But just because you can doesn't mean you should, or that it's even easy in the first place. Neither of those devices are sold unlocked, so you'd have to purchase one from T-Mobile with a plan, then immediately pay out the remaining value of your phone and get it unlocked. Even then though, you'd be left with a handset that won't support one of Fi's primary features — auto switching between Sprint, T-Mobile and US Cellular's networks for the best LTE signal.
Theoretically, it'll be much easier to bring a 5G phone to Fi sometime in 2020, once phones with Qualcomm's 5G-capable Snapdragon 865 chipset hit the market. It's also assumed the next Pixel flagship will utilize that processor. If it does, it'll assuredly be sold through Fi, meaning Google will have to provide a lane for owners to use 5G on their network.
How much Google Fi costs
What really makes Google Fi really special is its pricing structure. Plans begin at $20 for the first line, and $15 for every line thereafter. That initial fee essentially covers your talk and texting. You pay an additional $10 per gigabyte for the data that you use, plus taxes and fees, billed at the end of the month. Auto pay is mandatory.
For example, an individual who consumes 3GB will pay a total of $50 at the end of their billing cycle. (That’s $20 for the phone line, plus another $30 for the data.) Google Fi is also unusual in that its rates don’t round up when you go over a certain amount of data. Use 2.1GB of data, and you won’t be charged as if you used 3GB like you might be at most other carriers. Instead, Google charges you $21, as each 100MB of data costs $1.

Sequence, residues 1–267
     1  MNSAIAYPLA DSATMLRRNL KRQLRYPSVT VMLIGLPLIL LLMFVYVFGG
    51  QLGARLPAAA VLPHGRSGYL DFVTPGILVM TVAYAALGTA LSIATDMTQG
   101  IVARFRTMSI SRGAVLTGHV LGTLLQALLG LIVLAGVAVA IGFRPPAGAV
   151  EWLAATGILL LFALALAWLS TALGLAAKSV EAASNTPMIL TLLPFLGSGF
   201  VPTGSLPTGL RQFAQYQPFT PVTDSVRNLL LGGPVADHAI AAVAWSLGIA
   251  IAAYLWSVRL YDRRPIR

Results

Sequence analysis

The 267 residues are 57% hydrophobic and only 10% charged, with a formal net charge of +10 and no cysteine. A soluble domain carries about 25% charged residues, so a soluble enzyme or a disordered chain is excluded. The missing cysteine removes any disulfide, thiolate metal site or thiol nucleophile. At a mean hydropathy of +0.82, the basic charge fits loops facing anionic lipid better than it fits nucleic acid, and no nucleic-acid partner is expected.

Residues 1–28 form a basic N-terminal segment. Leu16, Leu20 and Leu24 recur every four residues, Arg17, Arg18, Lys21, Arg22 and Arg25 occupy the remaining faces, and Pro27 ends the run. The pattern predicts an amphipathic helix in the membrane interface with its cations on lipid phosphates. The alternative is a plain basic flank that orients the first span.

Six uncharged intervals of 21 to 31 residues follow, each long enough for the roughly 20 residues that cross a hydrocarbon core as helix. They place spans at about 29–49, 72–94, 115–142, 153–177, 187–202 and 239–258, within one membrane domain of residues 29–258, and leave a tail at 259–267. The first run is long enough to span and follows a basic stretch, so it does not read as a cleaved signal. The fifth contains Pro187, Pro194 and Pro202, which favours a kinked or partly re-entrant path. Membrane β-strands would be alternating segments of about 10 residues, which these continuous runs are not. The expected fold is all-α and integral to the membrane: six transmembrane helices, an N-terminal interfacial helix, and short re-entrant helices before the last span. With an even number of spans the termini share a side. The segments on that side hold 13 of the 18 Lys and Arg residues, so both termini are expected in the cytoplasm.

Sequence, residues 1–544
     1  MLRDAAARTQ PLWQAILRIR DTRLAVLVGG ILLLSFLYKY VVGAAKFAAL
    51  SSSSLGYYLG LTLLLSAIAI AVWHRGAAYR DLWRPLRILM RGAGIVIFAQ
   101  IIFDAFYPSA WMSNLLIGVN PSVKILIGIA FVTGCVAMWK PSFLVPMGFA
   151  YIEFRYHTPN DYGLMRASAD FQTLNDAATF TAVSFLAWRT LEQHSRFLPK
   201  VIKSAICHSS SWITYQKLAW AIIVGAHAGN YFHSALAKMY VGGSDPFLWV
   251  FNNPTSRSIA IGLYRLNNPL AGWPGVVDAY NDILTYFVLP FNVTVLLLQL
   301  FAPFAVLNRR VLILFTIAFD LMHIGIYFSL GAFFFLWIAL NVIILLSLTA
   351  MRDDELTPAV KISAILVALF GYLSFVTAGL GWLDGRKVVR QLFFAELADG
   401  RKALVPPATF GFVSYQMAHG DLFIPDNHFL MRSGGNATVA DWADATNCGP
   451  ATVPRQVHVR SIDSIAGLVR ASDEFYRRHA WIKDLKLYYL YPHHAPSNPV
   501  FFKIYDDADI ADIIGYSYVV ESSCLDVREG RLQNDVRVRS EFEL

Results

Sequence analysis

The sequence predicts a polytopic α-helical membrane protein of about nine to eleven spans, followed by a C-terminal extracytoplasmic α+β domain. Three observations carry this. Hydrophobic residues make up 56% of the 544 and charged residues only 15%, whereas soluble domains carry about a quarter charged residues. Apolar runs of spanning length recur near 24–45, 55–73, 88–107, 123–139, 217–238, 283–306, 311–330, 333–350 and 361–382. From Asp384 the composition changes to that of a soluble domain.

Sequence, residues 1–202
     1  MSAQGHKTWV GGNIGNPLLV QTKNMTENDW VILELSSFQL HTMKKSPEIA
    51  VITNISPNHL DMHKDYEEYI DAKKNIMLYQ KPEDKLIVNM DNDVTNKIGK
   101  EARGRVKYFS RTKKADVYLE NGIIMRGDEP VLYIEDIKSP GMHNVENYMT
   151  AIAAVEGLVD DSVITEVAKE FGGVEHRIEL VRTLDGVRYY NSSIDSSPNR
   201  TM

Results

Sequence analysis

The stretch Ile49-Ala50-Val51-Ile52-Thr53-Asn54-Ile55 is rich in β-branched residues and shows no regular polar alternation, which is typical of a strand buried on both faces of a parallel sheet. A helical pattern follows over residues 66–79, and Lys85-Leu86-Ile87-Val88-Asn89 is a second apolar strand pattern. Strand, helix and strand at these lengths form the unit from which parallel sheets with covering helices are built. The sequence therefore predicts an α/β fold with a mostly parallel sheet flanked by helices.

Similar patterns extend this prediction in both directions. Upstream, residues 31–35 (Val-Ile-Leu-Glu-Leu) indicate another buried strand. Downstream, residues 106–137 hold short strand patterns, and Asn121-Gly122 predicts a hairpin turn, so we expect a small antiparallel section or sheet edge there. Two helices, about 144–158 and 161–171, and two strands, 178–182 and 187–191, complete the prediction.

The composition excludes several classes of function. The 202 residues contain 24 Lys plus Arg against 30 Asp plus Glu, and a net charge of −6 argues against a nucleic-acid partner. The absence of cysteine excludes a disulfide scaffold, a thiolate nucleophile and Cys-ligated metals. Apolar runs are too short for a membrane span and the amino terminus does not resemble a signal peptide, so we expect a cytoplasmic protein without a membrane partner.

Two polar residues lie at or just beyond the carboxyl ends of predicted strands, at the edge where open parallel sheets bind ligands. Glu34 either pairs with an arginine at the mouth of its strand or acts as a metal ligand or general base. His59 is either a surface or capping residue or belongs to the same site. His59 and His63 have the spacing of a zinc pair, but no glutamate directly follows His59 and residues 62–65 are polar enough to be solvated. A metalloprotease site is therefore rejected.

Because Fi prominently incorporates public Wi-Fi networks, depending on where you live, you may not even need to purchase quite as much data as you would on other carriers. That said, having used Fi extensively in New York City, we’ve found that Google’s hotspots aren’t as ubiquitous as you’d hope.
|Carrier||LTE Data||Monthly Cost||Notes|
|Google Fi||3GB||$50||$20 per line fee plus $10 per GB of data; unused data credited to next month’s account.|
|Boost||3GB||$35||Unlimited plan costs $50|
|Metro by T-Mobile||2GB||$30||10GB plan costs $40; Unlimited plans start at $50|
|Sprint||Unlimited Basic||$60||Unlimited Plus ($70) and Unlimited Premium ($90) also available, offering more perks|
|T-Mobile||One Unlimited||$70||Unlimited Essentials plan costs $60, but your speeds may be throttled|
|Verizon||5GB||$55||Unlimited options also available starting at $75|
Many carriers provide rollover data, but shockingly few let you pay for only what you consume, making Google Fi’s pricing scheme pretty attractive. That said, if you’re one to burn through your data cap quickly, your monthly statement can get out of hand pretty fast. Thankfully, Google Fi offers a feature called Bill Protection designed to stop that.
With Bill Protection, you aren't charged for additional data past a certain threshold. This effectively turns all Google Fi plans into unlimited data plans once you spend enough money. For example, under the current $10-per-gigabyte model, an individual stops getting charged for data after consuming 6GB, or the equivalent of $80 in one month.
Bill Protection is available for group plans too, though the amount you must consume before multi-line plans become "unlimited" is higher and differs depending on the number of lines active on your account. Google provides a calculator on the Fi website that breaks down how much subscribers could save in every circumstance.
If there's one downside, however, Bill Protection has forced Google to institute a soft cap on users who exceed 15GB in a billing cycle. Go over that limit, and you can continue to use the service and pay nothing, but your data speeds will be deprioritized. This is less than Verizon and AT&T's 22GB limit, or T-Mobile's 50GB limit.